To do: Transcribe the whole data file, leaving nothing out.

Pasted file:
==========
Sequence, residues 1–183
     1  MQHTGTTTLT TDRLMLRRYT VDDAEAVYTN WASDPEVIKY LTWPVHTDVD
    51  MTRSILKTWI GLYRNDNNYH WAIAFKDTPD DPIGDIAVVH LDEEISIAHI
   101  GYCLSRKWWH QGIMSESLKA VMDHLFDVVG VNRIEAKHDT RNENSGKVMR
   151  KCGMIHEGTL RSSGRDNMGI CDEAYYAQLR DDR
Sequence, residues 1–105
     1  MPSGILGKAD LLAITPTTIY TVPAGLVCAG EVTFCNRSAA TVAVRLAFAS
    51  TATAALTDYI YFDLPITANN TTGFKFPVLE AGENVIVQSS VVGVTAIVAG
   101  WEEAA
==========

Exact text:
Sequence, residues 1–183
     1  MQHTGTTTLT TDRLMLRRYT VDDAEAVYTN WASDPEVIKY LTWPVHTDVD
    51  MTRSILKTWI GLYRNDNNYH WAIAFKDTPD DPIGDIAVVH LDEEISIAHI
   101  GYCLSRKWWH QGIMSESLKA VMDHLFDVVG VNRIEAKHDT RNENSGKVMR
   151  KCGMIHEGTL RSSGRDNMGI CDEAYYAQLR DDR
Sequence, residues 1–105
     1  MPSGILGKAD LLAITPTTIY TVPAGLVCAG EVTFCNRSAA TVAVRLAFAS
    51  TATAALTDYI YFDLPITANN TTGFKFPVLE AGENVIVQSS VVGVTAIVAG
   101  WEEAA